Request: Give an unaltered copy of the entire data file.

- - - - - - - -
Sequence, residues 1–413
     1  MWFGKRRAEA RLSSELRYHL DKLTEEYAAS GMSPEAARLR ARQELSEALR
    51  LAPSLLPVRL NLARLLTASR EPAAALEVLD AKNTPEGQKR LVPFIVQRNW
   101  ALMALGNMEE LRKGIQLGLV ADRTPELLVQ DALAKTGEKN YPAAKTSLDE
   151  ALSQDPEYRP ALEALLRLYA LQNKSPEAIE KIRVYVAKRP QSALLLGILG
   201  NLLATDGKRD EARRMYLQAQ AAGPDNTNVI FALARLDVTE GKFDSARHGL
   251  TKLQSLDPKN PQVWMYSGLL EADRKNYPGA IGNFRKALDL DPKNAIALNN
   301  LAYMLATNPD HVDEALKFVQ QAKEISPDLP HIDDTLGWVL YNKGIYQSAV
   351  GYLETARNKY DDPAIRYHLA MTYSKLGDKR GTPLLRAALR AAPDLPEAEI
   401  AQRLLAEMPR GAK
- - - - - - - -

Sequence, residues 1–413
     1  MWFGKRRAEA RLSSELRYHL DKLTEEYAAS GMSPEAARLR ARQELSEALR
    51  LAPSLLPVRL NLARLLTASR EPAAALEVLD AKNTPEGQKR LVPFIVQRNW
   101  ALMALGNMEE LRKGIQLGLV ADRTPELLVQ DALAKTGEKN YPAAKTSLDE
   151  ALSQDPEYRP ALEALLRLYA LQNKSPEAIE KIRVYVAKRP QSALLLGILG
   201  NLLATDGKRD EARRMYLQAQ AAGPDNTNVI FALARLDVTE GKFDSARHGL
   251  TKLQSLDPKN PQVWMYSGLL EADRKNYPGA IGNFRKALDL DPKNAIALNN
   301  LAYMLATNPD HVDEALKFVQ QAKEISPDLP HIDDTLGWVL YNKGIYQSAV
   351  GYLETARNKY DDPAIRYHLA MTYSKLGDKR GTPLLRAALR AAPDLPEAEI
   401  AQRLLAEMPR GAK